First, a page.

Figure 1 (top): Entrance gate to Newcrest Gold. Technical Training Center, Lihir Island.
Figure 2 (left): Newcrest Gold (formerly Lihir Gold, Ltd.)
The Lihir Gold operation is located on Lihir Island, in the New Ireland Province of Papua New Guinea (PNG) (Figures 1 and 2). Gold deposits are located in an inactive volcanic crater known as the Luise Caldera on the east coast of Lihir Island. The mine produces over (800,000) ounces of gold per year. Upon arrival I met several of the Lihir Gold (now Newcrest Mining, Ltd-Lihir) technicians. Three of the key personnel were Mr. Trevor Black, Coordinator Condition Monitoring/NDT; Mr. Dominic Kalua, Field Training Officer-Maintenance; and Mr. Jimmy Romalus, Coordinator Process Plant Maintenance. All were attendees in the Ultra-Sound Technologies Level I Training Class. During theultrasound training session walk-around of the plant I was told of a poorly performing GEHO slurry pump (Figure 3). Instinctively, I used an ultrasound instrument (a CSI 7100) to listen to the cylinder walls (Figures 4A and 4B) while listening for an abnormal sound or condition that might help identify a problem. One cylinder when compared to the others sounded distinctly abnormal (see Figure 5).
Figure 3. GEHO Pump: ZPM-800, Gold Ore Slurry. Min:62.5 cubic/hr, Norm: 176 cubic/hr, Max: 270 cubic/hr. High pressure is built from the piston moving back and forth on the eccentric flywheel, which moves the piston back and forth horizontally.
Figure 4A. Technicians using the ultrasound instrument on the external cylinder walls from beside and between the bolted diaphragm housing.
Figure 4B. A CSI 7100 being used to monitor cylinder walls of the GEHO Pump and showing a normal signature.
Figure 5. The results of utilizing a CSI 7100 ultrasonic receiver to listen to cylinder PU801 of the GEHO Pump.
I needed to know more about GEHO pumps, so I contacted Roger Collard, Chief RCM Engineer of Wyle Laboratories, who I knew had previous relevant mining experience. I believed that, together, my recent experience at Lihir and Roger's 18 years of mining experience on similar equipment could me offer a more complete view of this unique situation.
Roger explained to me that GEHO pumps of this series are powerful piston diaphragm pumps that allow slurry material to be conveyed with much lower water content. Through timing of the diaphragms and piston movement, extremely dense material can be conveyed. The design is very dependent on product density, system pressure, and temperature. Diaphragm leakage is a concern as mixing can occur. If this is the case, any or all three of the previously mentioned parameters can be affected.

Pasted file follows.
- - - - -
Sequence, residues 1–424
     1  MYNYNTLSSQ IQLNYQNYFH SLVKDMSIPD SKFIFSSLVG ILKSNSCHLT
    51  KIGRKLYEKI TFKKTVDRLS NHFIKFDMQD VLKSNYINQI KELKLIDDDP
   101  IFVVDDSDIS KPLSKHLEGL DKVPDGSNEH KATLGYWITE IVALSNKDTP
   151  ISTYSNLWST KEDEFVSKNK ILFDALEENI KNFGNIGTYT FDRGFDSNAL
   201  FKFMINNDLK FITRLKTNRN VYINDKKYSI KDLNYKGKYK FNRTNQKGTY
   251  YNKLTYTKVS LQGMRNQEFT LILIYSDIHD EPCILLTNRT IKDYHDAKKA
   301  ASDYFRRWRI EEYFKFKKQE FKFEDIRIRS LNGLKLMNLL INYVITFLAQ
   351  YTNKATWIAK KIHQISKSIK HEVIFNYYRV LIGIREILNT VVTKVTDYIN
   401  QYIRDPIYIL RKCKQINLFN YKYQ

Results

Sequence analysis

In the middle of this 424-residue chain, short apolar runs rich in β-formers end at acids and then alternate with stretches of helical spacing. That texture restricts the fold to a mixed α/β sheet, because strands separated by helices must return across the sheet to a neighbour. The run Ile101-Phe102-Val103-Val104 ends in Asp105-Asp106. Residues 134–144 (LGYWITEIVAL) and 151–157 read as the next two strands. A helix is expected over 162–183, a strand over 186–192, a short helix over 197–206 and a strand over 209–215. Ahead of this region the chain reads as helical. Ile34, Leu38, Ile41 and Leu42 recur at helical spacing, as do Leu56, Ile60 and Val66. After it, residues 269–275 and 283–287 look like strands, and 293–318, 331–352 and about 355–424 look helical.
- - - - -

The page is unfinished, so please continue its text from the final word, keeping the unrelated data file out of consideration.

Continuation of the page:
Listening to each valve and diaphragm at the end of the piston stroke, a bad ring or piston problem would have a distinct signature. The trick is that the diaphragms, valves, and pistons are all in the same area, so leaking valves, leaking diaphragms, leaking rings, and broken pistons may all sound alike. Slurry passing through a good valve can sound like a leak. You have to time the component's "noise" signature with the pump timing to know if the valve is operating correctly or leaking. Monitoring for an energy change, either up or down, may indicate cavitation, leakage, or regurgitation.
Ultrasonic technology offers the ability to detect these potential failure conditions before extensive damage has occurred.
Mr. Trevor Black from Lihir explained that what we were listening to at Cylinder PU801 with the CSI 7100 ultrasound device was the sound of fluid passing into the other chamber via the damage on the roof-shaped seals worn area (Figure 6A) from chamber 3 to chamber 4. This was confirmed via the instrument panel monitoring the inlet filling times on chamber 3 and outlet times on chamber 4. A possible explanation for the phenomena is a previous chamber 3 diaphragm rupture. The slurry that entered into the chamber may not have been cleared out completely. More evidence of damage was seen in the cylinder liner (sleeve) from the 6 to 9 o'clock position of the sleeve (Figure 6B).
Figure 6B. Evidence of damage to the cylinder sleeve, seen from the 6 to 9 o'clock position of the sleeve.
Figure 7. The new SDT North America, SDT-270 instrument with intensity meter and the new U.E. Systems, Inc., UE15000 with intensity meter.
Most ultrasonic instruments today have an intensity meter and/or read in decibels, so this inspection can be accomplished using most ultrasound instruments (Figure 7). An illustration in the many uses of this technology is to measure and trend the ultrasound from the discharge and suction valves of the GEHO pumps on the autoclaves. The potential cost savings from the early detection of these valves passing (being able to plan and prepare) is as follows:
Approximately 5 hours reduction in turnaround time @ $7k/hour deferred production + a valve body @ $10,400 = $45,500. The average ultrasound instrument in the marketplace weighs roughly 2 pounds. That's approximately $41k in gold. Most plants can easily show a return-on-investment of $41k or more just in air and steam.
Roger Collard, CMRP, has 20 years of experience based in reliability centered maintenance. His background is strongly suited in manufacturing, heavey industrial applications, and mining, with a focus on stationary and mobile equipment. Roger Collard is the Chief RCM Engineer at Wyle Laboratory (Jacksonville, FL). He graduated from the University of Utah with a Bachelor of Science degree in Mining Engineering.
Jim Hall is the president of Ultra-Sound Technologies (UST), a "vendor-neautral" company providing on-site predictive maintenance consultation and training. UST provides Associate Level, Level I, and Level II Airborne Ultrasound Certification. Jim is also the author of Ultrasonic War Stories, a free bi-weekly newsletter. www.Ultra-SoundTech.com